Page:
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Role Models

Photo of a parent and child on a tandem bike.

Role Models

You've probably already noticed that when you do something, your kids tend to say or do the very same thing. This is sometimes frustrating or embarrassing, sure, but when it comes to teaching your kids healthy eating habits, your role modeling can be a very powerful tool.


Tips to Try

Here are some quick tips role models should know:

  • Eat Together! One of the best ways to teach healthy eating is to eat healthy meals and snacks together.
  • Eat At Regular Times. Serving healthy meals and snacks at regular times goes a long way toward minimizing impulsive grabbing of less healthy snacks.
  • Build Esteem. Show respect for yourself, your child and others, regardless of body size or shape.
  • Listen Closely. Learn to listen to your own body's signals of hunger and fullness, and teach your kids to understand and listen to these signals as well.
  • Make Choices. Involve children in grocery shopping and meal planning.
  • Talk It Over. Discuss meal choices that your kids make when they eat away from home. For example, talk about different menu items' strengths and weaknesses.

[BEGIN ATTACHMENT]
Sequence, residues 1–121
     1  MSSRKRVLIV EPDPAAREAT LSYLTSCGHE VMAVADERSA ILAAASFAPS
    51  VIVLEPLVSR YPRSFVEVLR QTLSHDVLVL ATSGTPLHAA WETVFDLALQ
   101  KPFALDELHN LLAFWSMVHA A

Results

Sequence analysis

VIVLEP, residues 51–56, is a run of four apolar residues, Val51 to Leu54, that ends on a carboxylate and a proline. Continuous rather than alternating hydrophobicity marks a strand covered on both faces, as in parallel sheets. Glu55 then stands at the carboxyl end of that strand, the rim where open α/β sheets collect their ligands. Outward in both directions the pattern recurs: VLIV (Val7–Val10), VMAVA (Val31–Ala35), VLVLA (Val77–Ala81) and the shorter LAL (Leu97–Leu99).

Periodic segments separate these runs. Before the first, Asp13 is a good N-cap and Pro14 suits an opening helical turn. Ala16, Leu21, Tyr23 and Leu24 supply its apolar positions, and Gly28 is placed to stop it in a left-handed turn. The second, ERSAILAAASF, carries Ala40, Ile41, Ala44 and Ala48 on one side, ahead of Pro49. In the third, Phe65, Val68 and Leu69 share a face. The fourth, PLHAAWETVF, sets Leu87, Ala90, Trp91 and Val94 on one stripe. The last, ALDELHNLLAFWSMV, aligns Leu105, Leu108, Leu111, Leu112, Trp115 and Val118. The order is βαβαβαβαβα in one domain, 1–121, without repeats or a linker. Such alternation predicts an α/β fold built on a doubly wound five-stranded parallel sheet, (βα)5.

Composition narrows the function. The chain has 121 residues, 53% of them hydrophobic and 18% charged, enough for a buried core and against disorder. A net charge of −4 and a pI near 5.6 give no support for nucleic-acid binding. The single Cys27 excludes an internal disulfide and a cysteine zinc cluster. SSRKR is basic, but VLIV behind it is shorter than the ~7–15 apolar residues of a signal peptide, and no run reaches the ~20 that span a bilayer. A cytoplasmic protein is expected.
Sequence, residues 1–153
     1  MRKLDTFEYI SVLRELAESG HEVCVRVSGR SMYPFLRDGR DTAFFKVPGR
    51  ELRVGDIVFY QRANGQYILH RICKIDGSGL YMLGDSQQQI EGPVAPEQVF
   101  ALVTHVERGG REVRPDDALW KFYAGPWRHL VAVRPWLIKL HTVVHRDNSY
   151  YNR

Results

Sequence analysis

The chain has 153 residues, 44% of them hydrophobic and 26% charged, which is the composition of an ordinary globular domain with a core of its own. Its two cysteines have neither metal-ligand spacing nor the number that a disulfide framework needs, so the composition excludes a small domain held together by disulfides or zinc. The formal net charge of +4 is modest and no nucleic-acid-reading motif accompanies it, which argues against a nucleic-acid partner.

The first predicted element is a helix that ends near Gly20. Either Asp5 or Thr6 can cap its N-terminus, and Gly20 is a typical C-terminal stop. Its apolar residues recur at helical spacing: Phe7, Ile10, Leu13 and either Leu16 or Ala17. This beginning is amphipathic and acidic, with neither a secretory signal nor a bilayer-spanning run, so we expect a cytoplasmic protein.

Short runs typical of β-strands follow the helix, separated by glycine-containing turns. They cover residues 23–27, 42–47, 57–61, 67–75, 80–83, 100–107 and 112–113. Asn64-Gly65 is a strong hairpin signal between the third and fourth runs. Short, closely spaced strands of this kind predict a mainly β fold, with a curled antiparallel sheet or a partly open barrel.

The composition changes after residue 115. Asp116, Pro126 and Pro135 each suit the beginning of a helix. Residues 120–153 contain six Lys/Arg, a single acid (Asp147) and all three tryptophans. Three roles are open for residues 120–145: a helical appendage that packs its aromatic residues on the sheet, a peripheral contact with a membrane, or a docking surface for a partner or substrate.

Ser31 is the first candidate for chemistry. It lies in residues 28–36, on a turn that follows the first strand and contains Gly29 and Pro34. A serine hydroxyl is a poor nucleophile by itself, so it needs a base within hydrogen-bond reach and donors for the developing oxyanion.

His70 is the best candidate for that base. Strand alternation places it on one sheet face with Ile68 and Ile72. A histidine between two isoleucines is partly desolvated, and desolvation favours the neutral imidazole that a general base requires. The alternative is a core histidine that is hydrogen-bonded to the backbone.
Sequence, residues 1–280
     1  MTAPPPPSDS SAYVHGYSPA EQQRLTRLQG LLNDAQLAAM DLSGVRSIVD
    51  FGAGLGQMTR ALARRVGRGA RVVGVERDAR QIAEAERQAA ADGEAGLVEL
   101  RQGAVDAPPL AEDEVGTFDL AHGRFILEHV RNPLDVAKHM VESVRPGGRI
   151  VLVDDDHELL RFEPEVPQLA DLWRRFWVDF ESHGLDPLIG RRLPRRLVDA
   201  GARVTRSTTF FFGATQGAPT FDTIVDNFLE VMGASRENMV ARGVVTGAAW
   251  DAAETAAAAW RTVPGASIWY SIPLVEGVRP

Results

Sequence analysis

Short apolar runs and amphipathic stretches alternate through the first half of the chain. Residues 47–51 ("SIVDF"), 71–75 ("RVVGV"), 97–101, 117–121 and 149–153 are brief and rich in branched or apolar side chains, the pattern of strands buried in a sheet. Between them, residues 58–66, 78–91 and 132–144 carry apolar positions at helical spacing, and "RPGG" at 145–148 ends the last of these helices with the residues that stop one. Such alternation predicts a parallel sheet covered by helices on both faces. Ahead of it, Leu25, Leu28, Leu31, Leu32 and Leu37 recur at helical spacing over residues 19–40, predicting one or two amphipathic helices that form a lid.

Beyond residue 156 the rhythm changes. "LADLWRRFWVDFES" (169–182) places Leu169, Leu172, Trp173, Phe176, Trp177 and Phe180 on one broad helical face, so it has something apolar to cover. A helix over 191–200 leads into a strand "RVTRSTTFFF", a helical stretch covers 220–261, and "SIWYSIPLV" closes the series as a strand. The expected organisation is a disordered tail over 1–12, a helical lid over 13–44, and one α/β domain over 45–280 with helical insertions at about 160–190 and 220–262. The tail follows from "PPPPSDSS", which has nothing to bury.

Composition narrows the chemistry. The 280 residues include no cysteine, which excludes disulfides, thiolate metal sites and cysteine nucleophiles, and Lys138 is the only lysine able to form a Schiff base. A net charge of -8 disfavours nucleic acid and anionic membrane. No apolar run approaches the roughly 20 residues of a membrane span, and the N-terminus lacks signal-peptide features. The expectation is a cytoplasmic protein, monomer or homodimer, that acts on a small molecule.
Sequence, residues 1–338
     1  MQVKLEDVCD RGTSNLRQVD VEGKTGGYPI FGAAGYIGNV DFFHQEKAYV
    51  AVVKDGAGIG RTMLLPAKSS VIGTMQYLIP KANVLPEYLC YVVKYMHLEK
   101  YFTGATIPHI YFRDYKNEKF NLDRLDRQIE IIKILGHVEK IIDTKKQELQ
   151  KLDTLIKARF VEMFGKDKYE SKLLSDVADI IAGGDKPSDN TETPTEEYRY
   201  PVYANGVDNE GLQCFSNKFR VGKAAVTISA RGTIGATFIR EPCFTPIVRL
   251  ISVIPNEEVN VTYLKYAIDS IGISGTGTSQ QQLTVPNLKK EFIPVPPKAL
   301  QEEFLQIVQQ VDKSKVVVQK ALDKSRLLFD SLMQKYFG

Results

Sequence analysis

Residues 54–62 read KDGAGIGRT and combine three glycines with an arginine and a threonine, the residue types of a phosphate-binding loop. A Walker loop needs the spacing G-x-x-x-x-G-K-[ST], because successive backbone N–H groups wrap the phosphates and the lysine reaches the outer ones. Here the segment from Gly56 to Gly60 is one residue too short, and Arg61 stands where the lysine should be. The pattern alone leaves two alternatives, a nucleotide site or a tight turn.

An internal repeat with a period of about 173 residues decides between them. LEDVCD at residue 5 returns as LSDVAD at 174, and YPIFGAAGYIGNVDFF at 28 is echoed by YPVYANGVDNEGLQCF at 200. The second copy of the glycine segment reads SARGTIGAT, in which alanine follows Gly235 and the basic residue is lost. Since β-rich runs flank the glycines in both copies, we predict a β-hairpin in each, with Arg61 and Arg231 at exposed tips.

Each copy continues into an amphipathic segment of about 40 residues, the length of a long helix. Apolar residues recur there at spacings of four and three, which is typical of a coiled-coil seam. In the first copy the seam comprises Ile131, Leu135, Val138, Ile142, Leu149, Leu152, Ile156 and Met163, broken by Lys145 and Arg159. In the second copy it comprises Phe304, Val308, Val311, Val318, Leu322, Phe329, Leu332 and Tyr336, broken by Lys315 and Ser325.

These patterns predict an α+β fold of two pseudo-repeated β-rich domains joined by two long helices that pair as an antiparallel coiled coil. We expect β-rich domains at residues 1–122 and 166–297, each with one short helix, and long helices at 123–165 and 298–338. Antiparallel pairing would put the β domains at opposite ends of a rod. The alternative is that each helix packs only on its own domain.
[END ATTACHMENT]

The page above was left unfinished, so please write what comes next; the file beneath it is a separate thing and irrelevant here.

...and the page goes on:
• Be Fruitful. Keep healthy foods, like a bowl of fresh fruit on the counter, on hand and easy to get to.
  • Reward Right. Find other treats rather than food to reward your kids for good behavior or their achievements.
  • Do As I Do. Set a good example by eating healthy foods yourself.
  • Mix It Up. Offer a variety of foods that are healthy and taste good.


Things to Avoid

Sometimes, the things parents say have a different effect than intended. Here are some things to avoid saying, in regard to food:

  • "No dinner for you!" Withholding food as a punishment can cause fear of hunger and lead to overeating.
  • "No second servings." This command can leave a child afraid that hunger won't be satisfied.
  • "If you eat your vegetables, you can have dessert." Using sweets as a reward makes them more desirable than other foods and may lead to ignoring body signals of fullness.
  • "Clean your plate." This command tells a child to ignore the body message of fullness.